Study Explains Why Some People View Things Negatively
People with negative views may blame their attitude in their genes. Scientists from Cornell University and partners discovered that a specific gene involved in emotional memories could influence how people focus their eyes and attention…
People with negative views may blame their attitude in their genes. Scientists from Cornell University and partners discovered that a specific gene involved in emotional memories could influence how people focus their eyes and attention.
In their study, the subjects with the specific form of the gene in which certain amino acids are missing, had increased awareness of negative stimuli. For example, these individuals will look at a busy street and initially notice the shady character hanging out by the ATM instead of the cheerful children playing in the park.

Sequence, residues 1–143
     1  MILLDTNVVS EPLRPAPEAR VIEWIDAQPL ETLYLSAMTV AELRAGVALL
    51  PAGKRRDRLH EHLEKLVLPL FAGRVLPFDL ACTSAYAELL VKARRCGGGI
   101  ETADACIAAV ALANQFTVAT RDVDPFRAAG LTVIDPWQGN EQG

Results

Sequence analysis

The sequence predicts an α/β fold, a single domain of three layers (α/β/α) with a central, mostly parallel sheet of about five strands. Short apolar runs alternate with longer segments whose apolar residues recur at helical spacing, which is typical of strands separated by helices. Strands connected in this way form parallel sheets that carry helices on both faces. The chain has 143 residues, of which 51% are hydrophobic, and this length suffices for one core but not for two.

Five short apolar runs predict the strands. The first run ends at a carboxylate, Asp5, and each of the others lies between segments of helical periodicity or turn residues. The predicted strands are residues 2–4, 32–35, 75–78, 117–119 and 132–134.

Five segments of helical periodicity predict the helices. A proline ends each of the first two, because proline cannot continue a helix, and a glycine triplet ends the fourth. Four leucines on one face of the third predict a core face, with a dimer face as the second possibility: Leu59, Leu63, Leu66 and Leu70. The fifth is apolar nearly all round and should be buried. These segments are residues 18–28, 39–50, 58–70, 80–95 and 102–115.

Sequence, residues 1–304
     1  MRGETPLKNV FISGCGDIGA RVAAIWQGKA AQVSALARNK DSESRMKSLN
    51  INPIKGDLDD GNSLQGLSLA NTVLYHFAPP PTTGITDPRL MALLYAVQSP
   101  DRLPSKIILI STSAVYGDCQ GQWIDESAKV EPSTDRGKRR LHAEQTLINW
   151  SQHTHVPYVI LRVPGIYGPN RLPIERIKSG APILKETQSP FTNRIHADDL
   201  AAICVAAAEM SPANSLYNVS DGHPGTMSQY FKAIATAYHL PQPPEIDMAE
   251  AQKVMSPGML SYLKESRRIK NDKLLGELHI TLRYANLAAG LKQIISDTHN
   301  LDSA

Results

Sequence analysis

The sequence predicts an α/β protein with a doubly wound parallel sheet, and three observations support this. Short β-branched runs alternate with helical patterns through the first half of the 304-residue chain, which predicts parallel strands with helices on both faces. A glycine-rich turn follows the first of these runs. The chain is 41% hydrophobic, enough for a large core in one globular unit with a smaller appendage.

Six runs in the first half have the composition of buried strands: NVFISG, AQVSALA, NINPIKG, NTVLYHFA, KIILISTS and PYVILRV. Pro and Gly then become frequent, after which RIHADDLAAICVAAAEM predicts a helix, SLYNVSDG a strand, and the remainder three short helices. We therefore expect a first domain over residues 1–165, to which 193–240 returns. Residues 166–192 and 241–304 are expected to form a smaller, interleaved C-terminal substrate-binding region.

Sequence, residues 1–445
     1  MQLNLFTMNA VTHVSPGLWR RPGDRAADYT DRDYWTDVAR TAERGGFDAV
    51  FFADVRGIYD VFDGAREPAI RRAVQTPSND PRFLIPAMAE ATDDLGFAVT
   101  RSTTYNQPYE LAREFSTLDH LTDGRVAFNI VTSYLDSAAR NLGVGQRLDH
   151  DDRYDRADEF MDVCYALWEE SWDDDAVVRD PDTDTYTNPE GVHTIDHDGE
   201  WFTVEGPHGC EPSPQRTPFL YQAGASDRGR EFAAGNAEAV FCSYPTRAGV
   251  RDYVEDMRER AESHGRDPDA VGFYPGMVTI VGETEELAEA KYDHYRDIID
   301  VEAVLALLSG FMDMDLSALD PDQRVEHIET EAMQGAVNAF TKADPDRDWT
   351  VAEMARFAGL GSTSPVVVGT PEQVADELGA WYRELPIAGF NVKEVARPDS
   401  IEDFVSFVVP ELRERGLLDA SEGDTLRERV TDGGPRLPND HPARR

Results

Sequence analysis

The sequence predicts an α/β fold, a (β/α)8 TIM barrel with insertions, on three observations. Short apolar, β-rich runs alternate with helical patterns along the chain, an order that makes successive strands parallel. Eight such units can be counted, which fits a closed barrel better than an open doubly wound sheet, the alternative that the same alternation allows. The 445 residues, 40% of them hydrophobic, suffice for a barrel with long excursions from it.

Highly emotionally stirring events that leaves more vivid memories are stored in the brain with the help of a chemical called norepinephrine. People with missing amino acids in the ADRA2B gene have higher levels of norepinephrine in their brains, which "experience the flash of the flashbulb memory more intensely," said lead author and University of British Columbia psychologist Rebecca Todd.
The results of the study implies that the gene is not only linked to more vivid emotional memories but also makes people more inclined to noticing the negative in real time.
Read more at http://www.washingtonpost.com/national/health-science/study-links-gene-variation-to-a-darker-view-of-life/2013/10/12/728bfc76-32b8-11e3-89ae-16e186e117d8_story.html?wprss=rss_national and http://pss.sagepub.com/content/early/2013/09/19/0956797613492423.abstract.